Royce White: NBA, Rockets 'want me gone'

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Royce White has yet to suit up for the Rockets. (Fernando Medina/Getty Images)


By Ben Golliver

Royce White, recently reinstated after a months-long dispute with Houston's management over the treatment of his mental health, said this week that he believes the NBA and the Rockets would prefer to move on without him.

In a video interview with The Huffington Post, White, who was recently assigned to the Rockets' D-League affiliate, explained his reasoning, citing his independent voice and the inefficiency of properly treating players with mental health conditions.

"I went through the bumps and bruises of having to advocate for myself against a billion-dollar corporation. Other than that, I think I've actually been successful, if you look at the rate of success, or what could have went wrong. I could have easily been out of the league or blackballed or things like that. But that hasn't happened yet...

"I'm a problem because I'm not afraid to say what I think and I'm not afraid to stand alone. Even amongst the NBA community, the players, the union, the NBA office, and [commissioner] David Stern and [deputy commissioner] Adam Silver. I'm not afraid to stand alone in my own circle, and say, hey listen, you guys aren't respecting mental health...

"If I was to make an educated guess, I would guess that Adam Silver and David Stern and the Rockets organization, some other owners in the league, GMs, want me gone. And why do they want me gone? Because business is about convenience, it's not about doing what's necessary, right? It's about cutting overhead... Being efficient. And a lot of times, what's best for us as human beings doesn't meet that criteria for business people."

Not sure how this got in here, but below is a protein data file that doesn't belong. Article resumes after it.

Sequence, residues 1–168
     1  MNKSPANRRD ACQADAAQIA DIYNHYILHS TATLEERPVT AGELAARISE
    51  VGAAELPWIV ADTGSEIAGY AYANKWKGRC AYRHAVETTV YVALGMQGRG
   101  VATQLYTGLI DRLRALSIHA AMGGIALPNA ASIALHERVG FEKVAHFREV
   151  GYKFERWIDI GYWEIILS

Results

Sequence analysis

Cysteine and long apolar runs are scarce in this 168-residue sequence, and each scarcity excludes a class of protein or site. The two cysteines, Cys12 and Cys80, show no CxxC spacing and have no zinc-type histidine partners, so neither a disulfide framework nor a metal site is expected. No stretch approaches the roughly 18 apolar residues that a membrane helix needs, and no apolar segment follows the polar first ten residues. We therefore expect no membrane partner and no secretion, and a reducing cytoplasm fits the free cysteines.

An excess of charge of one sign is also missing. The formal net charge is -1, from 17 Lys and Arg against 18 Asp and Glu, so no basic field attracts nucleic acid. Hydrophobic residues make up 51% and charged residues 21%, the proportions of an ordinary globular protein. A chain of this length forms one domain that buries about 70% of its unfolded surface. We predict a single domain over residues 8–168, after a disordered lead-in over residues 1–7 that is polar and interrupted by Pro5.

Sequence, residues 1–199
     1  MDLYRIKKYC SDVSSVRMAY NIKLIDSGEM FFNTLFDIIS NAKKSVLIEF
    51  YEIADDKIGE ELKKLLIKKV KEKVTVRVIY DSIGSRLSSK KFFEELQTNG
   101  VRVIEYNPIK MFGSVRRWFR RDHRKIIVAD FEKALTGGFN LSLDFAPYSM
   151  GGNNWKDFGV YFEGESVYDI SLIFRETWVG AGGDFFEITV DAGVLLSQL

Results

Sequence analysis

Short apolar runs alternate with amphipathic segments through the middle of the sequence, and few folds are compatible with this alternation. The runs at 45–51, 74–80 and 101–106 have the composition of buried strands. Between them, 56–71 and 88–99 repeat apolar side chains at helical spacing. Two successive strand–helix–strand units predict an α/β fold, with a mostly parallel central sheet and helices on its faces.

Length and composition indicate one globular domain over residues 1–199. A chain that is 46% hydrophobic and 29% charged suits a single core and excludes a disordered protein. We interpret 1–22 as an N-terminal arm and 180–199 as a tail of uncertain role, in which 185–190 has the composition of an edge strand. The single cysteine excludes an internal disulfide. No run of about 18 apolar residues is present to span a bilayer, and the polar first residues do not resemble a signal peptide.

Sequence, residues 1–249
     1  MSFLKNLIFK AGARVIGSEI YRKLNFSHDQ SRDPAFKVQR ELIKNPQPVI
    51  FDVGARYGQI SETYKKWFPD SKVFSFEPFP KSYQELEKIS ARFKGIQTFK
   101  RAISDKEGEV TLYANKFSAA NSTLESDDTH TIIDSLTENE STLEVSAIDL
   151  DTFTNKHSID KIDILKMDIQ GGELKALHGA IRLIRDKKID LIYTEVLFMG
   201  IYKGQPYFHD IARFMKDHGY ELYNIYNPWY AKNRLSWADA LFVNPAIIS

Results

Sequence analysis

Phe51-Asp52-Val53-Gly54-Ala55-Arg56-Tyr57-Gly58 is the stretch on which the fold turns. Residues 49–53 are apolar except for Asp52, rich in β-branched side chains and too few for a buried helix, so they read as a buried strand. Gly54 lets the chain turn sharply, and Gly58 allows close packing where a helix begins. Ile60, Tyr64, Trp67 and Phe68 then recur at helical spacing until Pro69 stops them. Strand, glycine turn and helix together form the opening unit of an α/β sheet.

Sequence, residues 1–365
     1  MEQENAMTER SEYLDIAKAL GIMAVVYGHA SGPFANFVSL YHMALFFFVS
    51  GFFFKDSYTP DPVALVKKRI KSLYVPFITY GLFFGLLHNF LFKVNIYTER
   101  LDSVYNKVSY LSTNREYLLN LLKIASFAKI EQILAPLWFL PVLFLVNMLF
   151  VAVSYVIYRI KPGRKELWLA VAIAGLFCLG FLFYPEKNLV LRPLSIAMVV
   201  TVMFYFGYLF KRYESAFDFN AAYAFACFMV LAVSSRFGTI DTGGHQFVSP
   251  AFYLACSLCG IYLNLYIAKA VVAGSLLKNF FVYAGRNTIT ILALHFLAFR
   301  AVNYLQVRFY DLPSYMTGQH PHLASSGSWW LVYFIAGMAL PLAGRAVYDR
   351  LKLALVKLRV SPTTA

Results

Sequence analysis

The Rockets and White issued a joint statement in late-January announcing that White has been reinstated following a suspension that was imposed on Jan. 6 and he reported to the Rio Grande Valley Vipers in February, where he's averaging 9.6 points, 5.6 rebounds and 3.3 assists in 12 games. He has not yet been called up to the Rockets.

The joint statement read: “The Houston Rockets and Royce White have today reached an agreement that addresses the major issues that they have been discussing, provides a new start, and gives Royce the best opportunity for long term success as a Houston Rocket. This has been a learning process for both parties. The NBA and the National Basketball Players Association have approved the settlement. Royce is no longer suspended and is re-instated effective immediately. He will report to the Rio Grande Valley Vipers on February 11, 2013.”

The Houston Chronicle reported that the agreement included specific protocols for treating his mental health that he had requested.

The No. 16 pick in the 2012 NBA draft twice refused assignments to the Vipers earlier this season. Back in November, he stopped attending Rockets games and practices and he remained away from the organization until he joined the Vipers last month.

In January, HBO’s Real Sports with Bryant Gumbel aired a feature on White, in which he called for a formalized protocol to handle his mental health treatment, as he suffers from Generalized Anxiety Disorder, Obsessive Compulsive Disorder, panic attacks and a fear of flying. White also sought the appointment of an independent doctor — “a medical point person” — who would make the determination on whether or not he would be cleared to play.

To HBO, White painted the mental health protocol as a matter of life and death, saying that he was prepared to walk away from his NBA career if it came to that.

“If I was an NBA player now without the protocols and safety measures,” he said, “I would be risking my health, risking my life. What comes along with mental health if left untreated? Alcohol abuse, marijuana abuse, suicidal behavior, homicidal behavior, those are things I’m not willing to risk to play basketball, to have money, to have fame. That’s it.”

With his doctor, White drafted a protocol that included an “acknowledgement” that “mental illness/disability as being in the category of medical condition,” meaning any absences resulting from mental health issues would be treated like an injury.

“If your orthopedist says Royce’s left toe has a crack in it, he shouldn’t run or jump against the Lakers tonight, you can’t run or jump against the Lakers tonight,” White told HBO. “The only difference is you can’t see mine. There’s no swelling, so to speak. It’s not purple.”

In a November letter to White revealed during the HBO feature, Rockets GM Daryl Morey expressed a desire to accommodate White’s requests but also some frustration with his absence.